Periphytic food and predatory crayfish: relative roles in determining snail distribution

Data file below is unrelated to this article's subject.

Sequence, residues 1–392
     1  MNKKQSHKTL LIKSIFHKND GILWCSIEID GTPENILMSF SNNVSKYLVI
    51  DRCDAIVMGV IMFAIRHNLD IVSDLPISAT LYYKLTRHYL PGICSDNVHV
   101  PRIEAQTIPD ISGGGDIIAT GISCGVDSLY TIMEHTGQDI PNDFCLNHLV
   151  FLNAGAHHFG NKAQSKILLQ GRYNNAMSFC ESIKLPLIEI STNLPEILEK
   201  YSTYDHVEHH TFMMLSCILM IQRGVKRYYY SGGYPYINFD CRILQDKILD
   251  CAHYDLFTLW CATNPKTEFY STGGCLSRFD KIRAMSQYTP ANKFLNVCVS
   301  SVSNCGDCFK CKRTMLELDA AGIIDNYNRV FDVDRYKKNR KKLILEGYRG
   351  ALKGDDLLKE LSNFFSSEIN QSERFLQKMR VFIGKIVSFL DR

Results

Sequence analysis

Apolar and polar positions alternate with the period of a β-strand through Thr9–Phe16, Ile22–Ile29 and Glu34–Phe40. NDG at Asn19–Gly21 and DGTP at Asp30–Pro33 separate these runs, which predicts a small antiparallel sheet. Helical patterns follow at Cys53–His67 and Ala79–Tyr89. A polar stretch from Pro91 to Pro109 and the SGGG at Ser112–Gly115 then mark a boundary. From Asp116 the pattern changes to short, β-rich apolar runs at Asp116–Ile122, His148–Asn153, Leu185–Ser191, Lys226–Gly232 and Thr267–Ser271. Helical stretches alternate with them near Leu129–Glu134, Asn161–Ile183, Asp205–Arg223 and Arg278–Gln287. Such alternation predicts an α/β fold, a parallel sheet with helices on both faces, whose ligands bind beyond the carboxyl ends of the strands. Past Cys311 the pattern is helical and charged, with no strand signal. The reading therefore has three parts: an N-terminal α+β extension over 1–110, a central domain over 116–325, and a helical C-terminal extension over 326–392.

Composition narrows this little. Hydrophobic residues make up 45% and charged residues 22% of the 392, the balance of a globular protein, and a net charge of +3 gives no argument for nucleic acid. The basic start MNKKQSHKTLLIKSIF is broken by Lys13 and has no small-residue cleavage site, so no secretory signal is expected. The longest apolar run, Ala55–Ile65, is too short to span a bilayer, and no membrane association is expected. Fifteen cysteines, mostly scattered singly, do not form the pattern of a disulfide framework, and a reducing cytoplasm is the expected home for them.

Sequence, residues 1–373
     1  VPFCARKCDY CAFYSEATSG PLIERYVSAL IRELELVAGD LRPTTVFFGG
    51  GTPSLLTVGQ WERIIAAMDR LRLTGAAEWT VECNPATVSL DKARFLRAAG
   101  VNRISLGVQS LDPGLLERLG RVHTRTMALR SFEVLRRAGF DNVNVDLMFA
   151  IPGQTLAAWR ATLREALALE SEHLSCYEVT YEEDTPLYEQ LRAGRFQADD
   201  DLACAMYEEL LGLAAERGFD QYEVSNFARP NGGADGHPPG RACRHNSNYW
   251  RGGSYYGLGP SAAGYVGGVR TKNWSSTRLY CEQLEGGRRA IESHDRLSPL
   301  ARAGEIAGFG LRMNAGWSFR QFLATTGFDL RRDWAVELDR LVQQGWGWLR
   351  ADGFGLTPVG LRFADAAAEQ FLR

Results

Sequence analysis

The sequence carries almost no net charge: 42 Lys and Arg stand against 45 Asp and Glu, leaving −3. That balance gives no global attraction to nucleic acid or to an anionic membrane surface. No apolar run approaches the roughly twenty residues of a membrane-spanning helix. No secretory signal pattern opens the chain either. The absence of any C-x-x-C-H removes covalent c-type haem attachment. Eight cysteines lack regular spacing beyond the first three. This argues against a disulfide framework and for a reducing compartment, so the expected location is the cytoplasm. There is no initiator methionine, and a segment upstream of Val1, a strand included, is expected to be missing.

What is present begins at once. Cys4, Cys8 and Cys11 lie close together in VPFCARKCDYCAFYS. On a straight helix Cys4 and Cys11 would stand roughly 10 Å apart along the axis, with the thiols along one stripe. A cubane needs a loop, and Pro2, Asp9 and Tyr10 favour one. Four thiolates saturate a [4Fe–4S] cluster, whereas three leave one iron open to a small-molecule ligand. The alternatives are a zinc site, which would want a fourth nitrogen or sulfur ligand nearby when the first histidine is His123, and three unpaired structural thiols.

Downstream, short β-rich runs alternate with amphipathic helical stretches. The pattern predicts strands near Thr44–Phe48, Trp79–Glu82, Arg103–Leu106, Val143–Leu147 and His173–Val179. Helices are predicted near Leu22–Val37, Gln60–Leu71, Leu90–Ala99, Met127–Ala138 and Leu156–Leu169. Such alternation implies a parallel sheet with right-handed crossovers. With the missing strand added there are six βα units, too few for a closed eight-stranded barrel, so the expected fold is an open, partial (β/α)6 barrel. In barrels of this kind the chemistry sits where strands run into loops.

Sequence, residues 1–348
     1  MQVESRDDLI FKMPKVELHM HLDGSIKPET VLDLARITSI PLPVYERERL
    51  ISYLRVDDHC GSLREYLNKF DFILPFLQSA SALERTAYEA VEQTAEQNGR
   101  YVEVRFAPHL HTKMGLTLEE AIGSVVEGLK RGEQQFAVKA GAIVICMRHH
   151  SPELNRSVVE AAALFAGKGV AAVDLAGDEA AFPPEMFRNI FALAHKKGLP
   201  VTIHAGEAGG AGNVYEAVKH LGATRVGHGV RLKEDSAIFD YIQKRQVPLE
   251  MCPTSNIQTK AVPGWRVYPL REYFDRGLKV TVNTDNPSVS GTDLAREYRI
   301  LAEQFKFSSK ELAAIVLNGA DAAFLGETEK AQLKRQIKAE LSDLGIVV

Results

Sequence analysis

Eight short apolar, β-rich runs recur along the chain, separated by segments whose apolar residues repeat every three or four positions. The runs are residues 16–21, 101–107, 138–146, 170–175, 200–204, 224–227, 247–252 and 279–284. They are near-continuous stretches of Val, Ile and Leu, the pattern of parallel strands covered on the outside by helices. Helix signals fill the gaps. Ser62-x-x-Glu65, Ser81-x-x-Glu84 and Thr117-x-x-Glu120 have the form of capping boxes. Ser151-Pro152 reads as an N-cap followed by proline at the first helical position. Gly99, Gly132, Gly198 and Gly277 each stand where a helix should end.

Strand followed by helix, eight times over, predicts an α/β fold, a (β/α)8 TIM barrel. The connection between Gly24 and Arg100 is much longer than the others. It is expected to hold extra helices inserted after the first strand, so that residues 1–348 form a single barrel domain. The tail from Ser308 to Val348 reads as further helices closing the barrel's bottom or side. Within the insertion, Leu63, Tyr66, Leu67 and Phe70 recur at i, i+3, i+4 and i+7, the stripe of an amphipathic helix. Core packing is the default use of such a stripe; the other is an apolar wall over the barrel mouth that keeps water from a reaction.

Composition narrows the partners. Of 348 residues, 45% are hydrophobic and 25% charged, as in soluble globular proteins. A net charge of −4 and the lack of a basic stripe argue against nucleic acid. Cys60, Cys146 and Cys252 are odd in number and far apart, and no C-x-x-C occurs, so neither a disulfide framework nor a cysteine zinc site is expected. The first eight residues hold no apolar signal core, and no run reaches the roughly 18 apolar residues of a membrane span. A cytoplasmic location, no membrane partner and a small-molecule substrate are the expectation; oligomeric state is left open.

In the laboratory and field, we examined how periphyton (food of snails) and predatory crayfish influenced snail distribution in Trout Lake, a permanent, northern Wisconsin lake. Laboratory experiments (with no crayfish) tested the importance of periphyton biomass in determining snail preference among rocks, and among rock, sand, and macrophyte substrates. Among rocks with four different amounts of periphyton, periphyton biomass and the number of Lymnaea emarginata, Physa spp., and Amnicola spp. were positively related. A similar, but non-significant, trend occurred for Helisoma anceps. A field experiment at a site in Trout Lake where predation risk was low confirmed the preference by snails for periphyton covered rocks; more snails colonized rocks with periphyton than rocks without. When given a choice of rock, sand, and macrophytes in the laboratory, L. emarginata preferred high periphyton biomass and rock. Laboratory and field results contrasted with the distribution of snails in Trout Lake; no snails occurred in areas with abundant periphyton-covered rocks, but snails were abundant nearby on scattered rocks with little periphyton. However, where snails were absent, crayfish were abundant (14.5 crayfish-trap-1-day-1), and where snails were abundant, crayfish were rare (3.2 crayfish-trap-1-day-1), suggesting that crayfish predation reduced snails. The hypothesis that the negative association between snail and periphyton biomass resulted from snail grazing was supported by the results of a field snail enclosure-exclosure experiment (1 m2 cages; n=3). All experiments and observations therefore suggest that: 1) crayfish predation is more important than a preference for high periphyton biomass in determining snail distribution in Trout Lake; 2) periphyton biomass is negtively related to snail grazing; and 3) crayfish had a positive indirect effect on periphyton by preying on grazing snails.